The book is not without incident and farce. One chilling moment strikes when Lewis-Stempel fears that his little daughter has been eaten by pigs, but is instead cuddled in with them under the sun. There’s an even stranger part during Midsummer Night, when some of the animals in his barn are taken by some unknowable impulse to stage their own ritual dance.

Lewis-Stempel rarely passes up a chance to anthropomorphise the creatures of his field, but he also mounts a robust defence of this practise. Are we not all beasts? He asks. And are animals incapable of feeling anything beyond brute sensation? There’s lots of evidence to show that they are. If we exclude the idea that animals cannot have any sensations or experiences, which is plainly false, then surely these sensations have an equivalent in our cognition, if not an exact replica?

There’s plenty of compassion for the critters under his control – the death of a prize cow comes across as particularly sad, near the end, though it did kind of remind me of that scene in Me, Myself And Irene where Jim Carrey’s character tries to put a similar beast out of its misery. I was moved by the moments when he uncovers tiny baby voles, and makes an attempt to cover them – or comes across the gory handiwork of the beautiful raptors he’s been admiring moments beforehand as they swoop overhead.

My favourite part, though, was where Lewis-Stempel’s tractor suffers a broken blade. Seeing an opportunity, he sharpens an ancient scythe, and mows his meadow old-style. He didn’t have to explain the kind of hell this would wreak on one’s back, but it’s a game effort by the man. He rails against incursions by modern technology, and hits out at some tractor cabs having computers and heaters inside, helping to place the man at one more remove from his ancient duties on the land.

Ach, I dunno about that. It sounds the business to me – feet up, rolling up and down the field, listening to the dawn chorus, watching the sky swallow the stars.

Meadowland is a delight, and I can’t tell you how much it cheered me up on the commute to and from work, hemmed in by concrete, chrome and arseholes, as my car continues to fart toxins into the air twice a day and hasten our collective demise. Meadowland is an idyll, but it’s nice to think about a better, more wholesome life, even if it’s no more than a fantasy existing in my own head. This book won loads of awards, and I can see why. As part of the modern canon of British nature writing, there are few books to match it.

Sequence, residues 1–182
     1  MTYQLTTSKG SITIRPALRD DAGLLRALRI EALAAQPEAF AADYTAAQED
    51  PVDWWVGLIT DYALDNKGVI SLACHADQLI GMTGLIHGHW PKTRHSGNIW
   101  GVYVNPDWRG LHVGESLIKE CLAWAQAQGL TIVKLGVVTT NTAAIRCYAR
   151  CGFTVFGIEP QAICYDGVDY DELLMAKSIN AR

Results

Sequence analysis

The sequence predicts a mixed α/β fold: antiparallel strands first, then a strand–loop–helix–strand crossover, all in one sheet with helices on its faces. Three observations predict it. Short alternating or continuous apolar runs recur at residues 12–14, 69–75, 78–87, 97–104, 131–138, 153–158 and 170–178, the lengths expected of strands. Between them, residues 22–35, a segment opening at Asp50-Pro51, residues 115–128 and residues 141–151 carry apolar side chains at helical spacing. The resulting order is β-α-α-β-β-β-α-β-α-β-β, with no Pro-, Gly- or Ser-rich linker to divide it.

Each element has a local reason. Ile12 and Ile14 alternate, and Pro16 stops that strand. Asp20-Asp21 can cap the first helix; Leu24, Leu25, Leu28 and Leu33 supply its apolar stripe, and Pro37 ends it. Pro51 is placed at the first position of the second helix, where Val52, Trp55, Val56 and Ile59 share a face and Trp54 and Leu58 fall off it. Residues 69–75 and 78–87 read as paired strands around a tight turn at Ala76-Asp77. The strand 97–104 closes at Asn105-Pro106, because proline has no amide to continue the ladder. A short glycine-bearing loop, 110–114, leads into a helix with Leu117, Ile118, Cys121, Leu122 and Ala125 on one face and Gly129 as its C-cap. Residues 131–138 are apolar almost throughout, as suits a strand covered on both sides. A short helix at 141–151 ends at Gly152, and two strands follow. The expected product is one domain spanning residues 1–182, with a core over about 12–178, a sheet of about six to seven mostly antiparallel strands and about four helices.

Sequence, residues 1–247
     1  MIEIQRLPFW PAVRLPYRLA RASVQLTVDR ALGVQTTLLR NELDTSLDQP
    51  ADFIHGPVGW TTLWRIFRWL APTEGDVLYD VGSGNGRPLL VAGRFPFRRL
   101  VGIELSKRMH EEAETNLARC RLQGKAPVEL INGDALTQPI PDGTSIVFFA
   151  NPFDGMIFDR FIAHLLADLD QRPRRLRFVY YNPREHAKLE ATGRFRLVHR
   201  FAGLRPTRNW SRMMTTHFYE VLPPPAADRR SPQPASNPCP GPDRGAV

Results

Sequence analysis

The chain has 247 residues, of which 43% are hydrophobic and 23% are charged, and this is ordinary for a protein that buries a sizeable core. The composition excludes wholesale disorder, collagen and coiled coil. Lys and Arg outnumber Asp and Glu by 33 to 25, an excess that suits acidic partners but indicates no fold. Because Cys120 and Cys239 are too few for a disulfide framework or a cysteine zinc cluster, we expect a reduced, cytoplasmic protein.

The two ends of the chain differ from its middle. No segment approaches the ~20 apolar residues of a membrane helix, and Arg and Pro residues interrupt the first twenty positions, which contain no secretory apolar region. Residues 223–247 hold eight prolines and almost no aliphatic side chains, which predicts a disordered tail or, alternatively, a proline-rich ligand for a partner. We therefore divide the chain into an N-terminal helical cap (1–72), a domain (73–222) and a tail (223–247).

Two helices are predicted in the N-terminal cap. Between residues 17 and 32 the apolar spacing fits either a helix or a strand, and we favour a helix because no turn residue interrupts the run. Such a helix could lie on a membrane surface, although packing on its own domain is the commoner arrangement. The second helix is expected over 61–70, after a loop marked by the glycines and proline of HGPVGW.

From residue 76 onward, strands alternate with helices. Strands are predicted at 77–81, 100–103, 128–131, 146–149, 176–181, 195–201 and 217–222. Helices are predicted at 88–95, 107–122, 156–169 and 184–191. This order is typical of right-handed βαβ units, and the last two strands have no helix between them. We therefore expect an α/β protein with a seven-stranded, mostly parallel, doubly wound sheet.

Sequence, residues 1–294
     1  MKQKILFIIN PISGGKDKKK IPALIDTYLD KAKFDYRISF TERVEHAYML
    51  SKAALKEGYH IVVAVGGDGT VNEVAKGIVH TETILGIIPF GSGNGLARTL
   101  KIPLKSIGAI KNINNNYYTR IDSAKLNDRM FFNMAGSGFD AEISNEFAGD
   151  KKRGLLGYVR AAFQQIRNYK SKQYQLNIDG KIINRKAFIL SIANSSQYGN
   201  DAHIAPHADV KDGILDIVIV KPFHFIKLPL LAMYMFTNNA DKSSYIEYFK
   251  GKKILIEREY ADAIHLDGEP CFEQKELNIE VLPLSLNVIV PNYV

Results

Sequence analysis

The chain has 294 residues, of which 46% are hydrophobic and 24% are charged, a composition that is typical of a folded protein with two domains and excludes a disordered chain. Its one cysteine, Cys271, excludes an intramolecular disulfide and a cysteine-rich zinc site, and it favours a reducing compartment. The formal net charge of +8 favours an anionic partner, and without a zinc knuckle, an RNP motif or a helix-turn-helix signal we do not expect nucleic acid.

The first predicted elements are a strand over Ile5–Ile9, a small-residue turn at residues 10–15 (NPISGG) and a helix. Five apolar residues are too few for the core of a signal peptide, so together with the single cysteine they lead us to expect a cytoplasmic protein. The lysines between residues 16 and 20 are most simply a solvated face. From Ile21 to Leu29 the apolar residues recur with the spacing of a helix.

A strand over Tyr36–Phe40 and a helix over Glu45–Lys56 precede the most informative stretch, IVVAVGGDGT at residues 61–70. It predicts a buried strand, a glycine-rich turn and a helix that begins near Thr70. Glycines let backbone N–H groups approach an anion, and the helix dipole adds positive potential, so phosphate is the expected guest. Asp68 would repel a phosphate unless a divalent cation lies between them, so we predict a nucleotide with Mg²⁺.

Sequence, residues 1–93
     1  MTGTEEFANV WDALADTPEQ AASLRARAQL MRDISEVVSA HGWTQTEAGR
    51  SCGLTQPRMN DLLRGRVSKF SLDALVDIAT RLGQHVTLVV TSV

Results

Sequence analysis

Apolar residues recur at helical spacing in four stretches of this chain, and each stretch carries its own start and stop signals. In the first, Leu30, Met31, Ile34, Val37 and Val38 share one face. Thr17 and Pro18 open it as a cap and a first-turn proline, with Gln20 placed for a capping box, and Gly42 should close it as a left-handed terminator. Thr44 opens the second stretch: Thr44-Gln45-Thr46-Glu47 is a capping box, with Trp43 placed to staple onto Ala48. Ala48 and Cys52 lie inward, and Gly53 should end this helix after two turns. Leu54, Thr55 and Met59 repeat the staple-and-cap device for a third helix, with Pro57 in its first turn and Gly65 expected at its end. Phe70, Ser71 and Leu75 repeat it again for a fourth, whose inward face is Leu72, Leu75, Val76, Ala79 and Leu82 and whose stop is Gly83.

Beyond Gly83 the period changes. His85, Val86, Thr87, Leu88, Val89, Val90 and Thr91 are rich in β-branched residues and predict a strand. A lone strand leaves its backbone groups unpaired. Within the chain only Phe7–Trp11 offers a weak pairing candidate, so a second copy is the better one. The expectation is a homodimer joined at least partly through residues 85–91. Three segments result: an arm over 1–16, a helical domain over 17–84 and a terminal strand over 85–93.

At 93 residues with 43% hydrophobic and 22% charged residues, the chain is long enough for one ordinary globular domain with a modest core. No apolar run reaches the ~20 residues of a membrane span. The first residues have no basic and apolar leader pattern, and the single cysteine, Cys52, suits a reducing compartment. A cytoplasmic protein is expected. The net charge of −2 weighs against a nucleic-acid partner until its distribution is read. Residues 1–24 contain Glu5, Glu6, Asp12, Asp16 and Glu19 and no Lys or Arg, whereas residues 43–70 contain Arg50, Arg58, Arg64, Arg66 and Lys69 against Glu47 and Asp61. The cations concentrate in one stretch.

April 16, 2017

FIELD NOTES:

Country Matters on Booksquawk

by Roger Deakin
416 pages, Penguin

Review by Pat Black

The blossom’s out, the sap is high, and so am I. It’s time to don the tweed, slip on the thigh-high wellingtons, keep the Savlon handy and tiptoe through the cider bottles with some great British nature writing.

A couple of years ago, I fell helplessly in love with Roger Deakin. His wild swimming masterpiece, Waterlog, was a charming, engaging book - an exercise in fraternity, nature, literature and English dottiness. I was held fast in its current. It was my favourite read of 2015, and if the Folio Society was to bring out a ruinously expensive illustrated hardback edition and slipcase, I’d dive right in.

Adding to the charm is the man himself – an affable dreamer, seemingly unconcerned by the world of commerce and brute competition, a lover of newts – so cruelly stolen from us by cancer only a few years after making a splash in the literary world. Like watching Bowie videos on YouTube, he is as close as we get to a real ghost – thrillingly present in his art, chillingly absent in reality.

Even Walnut Tree Farm, the arboreal idyll in which he so happily shared bed and board with mother nature, is gone now – sold up, redeveloped, and possibly unrecognisable (understandably so – sorry mate, but f*** having a flock of birds in yer loft).

As well as being a compelling writer, Waterlog’s author had a compelling existence. He lived a wizardly life, swimming in his own moat every morning, then poring over ancient maps and scrolls for remote ponds to dunk in. He might have been the first human to ever swim in some of those plashy glades. You expect him to sit down to tea on giant toadstools; you imagine trees sprouting from the floor in his front room, talking rooks cawing at him from the branches. You expect him to write on parchment with a quill. You picture him high-fiving squirrels and supping pints alongside centaurs down the local pub - surely called The Green Dragon, and run by an ogre and his wife. He might ride a gryphon there and back. Well, I imagine all this, anyway.  

Seldom if ever have I wanted to go back to the start of a book and start reading again after the final page was turned, as I did with Waterlog.

The same was true of Wildwood – but for different reasons.  

This is a difficult thing to write. Wildwood bored me. Some of it was like watching trees grow.